A Body Corporate / Manager’s Guide to Dealing with Difficult Tenants - Jamesons | Strata Managers Sydney
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A Body Corporate / Manager’s Guide to Dealing with Difficult Tenants

18 February 2015

Living in a strata scheme means having different people from different backgrounds trying to live harmoniously together under one shared roof. With a solid set of by-laws agreed upon and implemented in the strata, together with an active owners’ corporation and body corporate manager overseeing the property, the risk of serious problems being encountered despite the mix of people can be greatly reduced. Non-compliance of by-laws can be the result of a resident forgetting or not being aware of a certain by-law. In this event a simple reminder can usually solve the problem.

Try Of Handshaking

Unfortunately some strata schemes have tenants that regularly cause disruption to the strata. If your strata belongs to the latter and you have tenants who are already habitually ignoring and breaking the strata’s by-laws, here are the steps you need to do to control the situation. These are applicable for strata in Sydney and other areas in NSW.

  1. Serve the tenant with a notice to comply.

The owners’ corporation or the executive committee of the owners’ corporation can serve what is known as a notice to comply on the tenant indicating the by-law that was broken including the details of the breach. Following the serving of the notice, penalties can later be applied if the noncompliance continues. This notice should be sent to the said tenant by post.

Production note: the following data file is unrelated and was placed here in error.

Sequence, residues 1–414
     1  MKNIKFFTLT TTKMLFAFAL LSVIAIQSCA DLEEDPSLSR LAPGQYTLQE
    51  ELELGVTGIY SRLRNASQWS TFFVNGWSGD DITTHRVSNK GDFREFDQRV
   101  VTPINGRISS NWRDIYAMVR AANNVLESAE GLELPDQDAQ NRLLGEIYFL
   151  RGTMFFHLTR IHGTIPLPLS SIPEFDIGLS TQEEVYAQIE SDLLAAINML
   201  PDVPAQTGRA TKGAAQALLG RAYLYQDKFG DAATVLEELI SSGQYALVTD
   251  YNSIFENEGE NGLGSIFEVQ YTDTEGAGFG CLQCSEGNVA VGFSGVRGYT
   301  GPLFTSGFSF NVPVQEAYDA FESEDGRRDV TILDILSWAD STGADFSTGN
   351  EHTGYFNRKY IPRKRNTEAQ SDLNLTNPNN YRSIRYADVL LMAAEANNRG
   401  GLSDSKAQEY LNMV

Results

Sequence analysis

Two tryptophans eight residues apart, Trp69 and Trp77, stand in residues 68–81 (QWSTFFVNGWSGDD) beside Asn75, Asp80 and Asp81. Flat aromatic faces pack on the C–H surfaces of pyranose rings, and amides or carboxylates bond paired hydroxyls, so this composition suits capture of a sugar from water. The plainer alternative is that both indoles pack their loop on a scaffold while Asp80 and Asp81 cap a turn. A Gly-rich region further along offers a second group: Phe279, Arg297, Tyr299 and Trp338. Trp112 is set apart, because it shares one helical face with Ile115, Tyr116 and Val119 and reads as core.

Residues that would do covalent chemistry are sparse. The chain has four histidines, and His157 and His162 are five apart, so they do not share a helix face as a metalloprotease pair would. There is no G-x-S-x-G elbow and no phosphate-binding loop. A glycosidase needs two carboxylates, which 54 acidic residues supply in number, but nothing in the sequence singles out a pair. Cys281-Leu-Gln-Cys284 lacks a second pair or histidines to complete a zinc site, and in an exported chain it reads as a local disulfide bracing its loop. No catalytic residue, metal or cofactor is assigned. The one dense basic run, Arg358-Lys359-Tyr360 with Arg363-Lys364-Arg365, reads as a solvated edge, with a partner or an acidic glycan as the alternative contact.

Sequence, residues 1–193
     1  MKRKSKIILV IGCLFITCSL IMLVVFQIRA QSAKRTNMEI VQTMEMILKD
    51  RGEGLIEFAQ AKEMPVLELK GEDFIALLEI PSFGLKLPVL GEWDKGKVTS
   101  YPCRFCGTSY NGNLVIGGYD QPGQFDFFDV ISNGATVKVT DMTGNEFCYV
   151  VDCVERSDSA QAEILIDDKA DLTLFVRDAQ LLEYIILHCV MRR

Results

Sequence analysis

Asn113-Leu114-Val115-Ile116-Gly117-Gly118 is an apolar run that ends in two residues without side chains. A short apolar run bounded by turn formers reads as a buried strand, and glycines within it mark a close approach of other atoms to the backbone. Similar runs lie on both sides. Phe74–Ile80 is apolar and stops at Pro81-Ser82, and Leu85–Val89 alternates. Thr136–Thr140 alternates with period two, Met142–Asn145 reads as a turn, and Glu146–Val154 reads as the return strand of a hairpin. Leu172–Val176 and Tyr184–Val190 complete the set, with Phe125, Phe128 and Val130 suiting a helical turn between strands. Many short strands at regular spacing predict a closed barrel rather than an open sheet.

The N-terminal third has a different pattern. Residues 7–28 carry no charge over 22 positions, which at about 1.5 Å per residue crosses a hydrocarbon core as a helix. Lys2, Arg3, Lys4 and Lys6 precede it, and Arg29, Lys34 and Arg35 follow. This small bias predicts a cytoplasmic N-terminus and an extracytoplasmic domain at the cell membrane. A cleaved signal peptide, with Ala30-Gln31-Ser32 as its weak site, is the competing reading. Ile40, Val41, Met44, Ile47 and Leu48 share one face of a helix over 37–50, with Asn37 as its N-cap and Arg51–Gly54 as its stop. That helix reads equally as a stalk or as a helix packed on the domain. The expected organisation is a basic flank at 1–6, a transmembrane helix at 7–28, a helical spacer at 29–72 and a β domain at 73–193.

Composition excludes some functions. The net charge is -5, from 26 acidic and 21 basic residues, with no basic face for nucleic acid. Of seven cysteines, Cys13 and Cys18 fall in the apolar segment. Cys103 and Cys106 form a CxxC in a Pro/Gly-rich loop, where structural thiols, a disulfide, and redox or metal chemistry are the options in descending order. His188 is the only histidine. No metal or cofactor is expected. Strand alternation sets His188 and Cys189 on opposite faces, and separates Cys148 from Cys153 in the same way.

1. Seek for a mediation.

The strata can also lodge a request for mediation at NCAT (The NSW Civil and Administrative Tribunal) to attempt to mediate the issue and find a resolution.. During the mediation, an independent mediator will assist the two parties to try and fix the dispute and attempt to reach a settlement.

  1. Make an application to the NCAT.

If a resolution still isn’t reached after the mediation, the strata can make an application to the NSW Civil & Administrative Tribunal. Be aware that mediation is required before you can lodge an application to NCAT. The adjudicator will then make a decision within 3 months based on the papers submitted. If a hearing is needed, the tribunal will preside over the matter.

Everybody wants to live in peace and nobody wants to experience any troubles especially in the place where they reside. But sometimes these things can’t be avoided, and it is the duty of the owners corporation and the person assigned to provide the strata management services to ensure the peaceful coexistence of the owners. To achieve this, sometimes drastic measures need to be done and when it comes to dealing with difficult tenants, the strata community needs to follow the three steps above to solve the issue.